Managing your own SIPP certainly gives you a significant amount of control over your long term investments. But should you include CFDs in a SIPP account and which brokers offer CFDs in a SIPP?
Here are the basics of trading CFDs in a SIPP account…
Firstly can you hold CFDs in a SIPP?
Yes, you can, but not with everyone, you need a capital markets CFD broker like Saxo Capital Markets.
What are CFDs in a SIPP?
CFD stands for contract for difference, which means when you trade you are entering into a contract based on the difference between the opening and closing price of a trade. You don’t actually own the shares, rather you are taking a leveraged derivatives position on the underlying asset.
The most common type of CFDs in a SIPP account are equity and index. It’s important to note that CFDs are a high risk form of trading and are not normally siutable for long term trading strategies. But some clients like to punt with 10% or so of their SIPP capital, which is about as much as you should allocate to high risk investments within a SIPP.
Key advantages of holding CFDs in a SIPP:
You can use them to hedge exposure to a certain market.
Most pensions or SIPP accounts track the overall stock market and most people assume that the markets will always go up. In theory they should because the S&P 500, DJIA, FTSE 100 ect. contain the constituents of the most valuable companies in their respective regions. If a company fails to perform they are demoted from the main index and replaced with a better performing company.
However, indices do have a nasty habit of crashing every now and again.
If as an investor, if you feel that the market is about to crash you can use CFDs in a SIPP to hedge with a short position. You can use CFDs to hedge either individual stocks, indices or currencies to cover the lost value from the market going down. Your overall equity assets will be worthless, but your CFD trade (once you buy back the short at a lower position) will have generated a cash profit of the equivalent amount if properly hedge.
As you can see from this S&P 500 chart from Yahoo, the markets do go up over time, but not in a straight line. Sometimes it takes years for it to recover losses.
Key disadvantages of holding CFDs in a SIPP account.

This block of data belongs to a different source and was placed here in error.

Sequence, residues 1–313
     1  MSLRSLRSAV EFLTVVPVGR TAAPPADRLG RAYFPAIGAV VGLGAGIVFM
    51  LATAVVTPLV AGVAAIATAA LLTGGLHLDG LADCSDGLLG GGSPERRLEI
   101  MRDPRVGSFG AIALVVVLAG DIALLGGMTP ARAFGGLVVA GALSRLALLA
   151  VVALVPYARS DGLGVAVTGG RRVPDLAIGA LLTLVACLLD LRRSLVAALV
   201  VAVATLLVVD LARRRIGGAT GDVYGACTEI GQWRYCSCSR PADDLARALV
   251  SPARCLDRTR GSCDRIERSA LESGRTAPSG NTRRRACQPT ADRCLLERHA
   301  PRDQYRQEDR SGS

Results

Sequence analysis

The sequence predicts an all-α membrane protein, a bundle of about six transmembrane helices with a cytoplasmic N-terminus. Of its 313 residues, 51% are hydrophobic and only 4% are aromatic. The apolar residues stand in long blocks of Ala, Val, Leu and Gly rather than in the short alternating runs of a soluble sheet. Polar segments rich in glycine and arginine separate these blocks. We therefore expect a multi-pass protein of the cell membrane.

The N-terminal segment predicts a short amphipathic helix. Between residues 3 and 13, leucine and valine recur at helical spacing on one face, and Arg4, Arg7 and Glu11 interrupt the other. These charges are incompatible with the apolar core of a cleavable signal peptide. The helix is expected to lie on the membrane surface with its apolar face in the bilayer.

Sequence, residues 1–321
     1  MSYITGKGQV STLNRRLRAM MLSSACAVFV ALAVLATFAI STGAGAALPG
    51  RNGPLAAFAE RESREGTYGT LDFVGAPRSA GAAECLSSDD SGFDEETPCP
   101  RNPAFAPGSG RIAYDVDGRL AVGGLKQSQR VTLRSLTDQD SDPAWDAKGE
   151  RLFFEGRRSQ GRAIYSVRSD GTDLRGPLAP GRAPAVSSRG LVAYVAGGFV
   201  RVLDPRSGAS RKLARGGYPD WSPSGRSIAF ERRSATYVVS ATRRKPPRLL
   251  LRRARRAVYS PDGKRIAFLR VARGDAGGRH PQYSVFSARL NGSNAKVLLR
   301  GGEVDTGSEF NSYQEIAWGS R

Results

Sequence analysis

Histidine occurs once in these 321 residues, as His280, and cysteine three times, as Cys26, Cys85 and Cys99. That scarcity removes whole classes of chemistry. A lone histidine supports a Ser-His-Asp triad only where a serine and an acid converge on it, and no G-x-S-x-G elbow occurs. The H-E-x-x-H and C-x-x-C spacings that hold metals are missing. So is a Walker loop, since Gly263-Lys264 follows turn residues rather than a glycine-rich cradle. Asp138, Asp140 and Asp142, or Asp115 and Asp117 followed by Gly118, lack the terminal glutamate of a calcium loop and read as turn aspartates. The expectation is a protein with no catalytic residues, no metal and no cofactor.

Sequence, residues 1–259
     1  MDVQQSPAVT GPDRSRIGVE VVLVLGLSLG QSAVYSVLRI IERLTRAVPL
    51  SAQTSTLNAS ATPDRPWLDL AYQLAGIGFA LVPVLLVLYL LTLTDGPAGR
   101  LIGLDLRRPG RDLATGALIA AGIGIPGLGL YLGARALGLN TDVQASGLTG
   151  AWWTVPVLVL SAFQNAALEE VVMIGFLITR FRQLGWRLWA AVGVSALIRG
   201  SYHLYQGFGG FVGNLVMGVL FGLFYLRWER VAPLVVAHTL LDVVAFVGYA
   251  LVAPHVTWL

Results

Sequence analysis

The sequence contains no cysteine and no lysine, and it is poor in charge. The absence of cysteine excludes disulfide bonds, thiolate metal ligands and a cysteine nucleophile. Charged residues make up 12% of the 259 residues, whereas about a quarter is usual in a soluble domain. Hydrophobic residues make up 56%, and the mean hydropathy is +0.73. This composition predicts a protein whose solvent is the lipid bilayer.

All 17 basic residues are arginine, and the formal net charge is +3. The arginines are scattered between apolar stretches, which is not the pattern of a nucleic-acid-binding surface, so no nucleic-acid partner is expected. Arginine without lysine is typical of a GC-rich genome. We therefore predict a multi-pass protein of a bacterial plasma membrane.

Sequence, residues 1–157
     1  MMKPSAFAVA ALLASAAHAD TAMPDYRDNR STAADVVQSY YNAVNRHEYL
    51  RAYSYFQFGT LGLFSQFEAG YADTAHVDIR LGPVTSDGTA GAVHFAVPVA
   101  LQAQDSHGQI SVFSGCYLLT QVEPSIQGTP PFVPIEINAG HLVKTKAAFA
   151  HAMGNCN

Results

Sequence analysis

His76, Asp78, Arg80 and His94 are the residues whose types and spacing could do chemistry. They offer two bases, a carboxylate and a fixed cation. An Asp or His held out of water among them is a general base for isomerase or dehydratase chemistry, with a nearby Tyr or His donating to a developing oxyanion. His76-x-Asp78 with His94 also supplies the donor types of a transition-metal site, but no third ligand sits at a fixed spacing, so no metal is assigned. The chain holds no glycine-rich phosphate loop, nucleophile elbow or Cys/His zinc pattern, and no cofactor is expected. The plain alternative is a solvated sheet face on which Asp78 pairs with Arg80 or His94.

There is a temptation among investors to get greedy.
Despite what some fictional financial criminals may say (cough cough Gordo), greed is not always good.
CFDs are a leveraged product and as such you can trade with far more exposure than your account balance. If for example you are trading stock CFDs in your SIPP account on 10x leverage (equivalent to a 10% margin rate) and you have £100,000 in your SIPP, you can have £1m exposure.
If you are fully exposed and the markets drop 10%, which they can in extreme conditions, then you’ve wiped your pension out!
So finally, should you trade CFDs in a SIPP account?
That really depends on all sorts of things like your risk appetite, your experience as an investor, your overall goals and so on.
But, if used correctly holding CFDs in a SIPP provide an excellent tool for managing portfolio risk.
However, if you think you’re going to make millions by trading short-term high-risk products in a long term savings account, then the answer is definitely no…
Compare Vetted Investing, Trading & Currency Accounts
|Investing Accounts||Trading Platforms||Currency Transfers|
Richard founded the Good Money Guide (previously Good Broker Guide) in 2015 and has been a broker for 20 years most recently at Investors Intelligence and previously a multi-asset derivatives broker at MF Global (Man Financial). Richard started his career working as a private client stockbroker at Walker Crips and Phillip Securities (now King and Shaxson) after interning on the NYMEX oil trading floor in New York and London IPE in 2001 & 2000.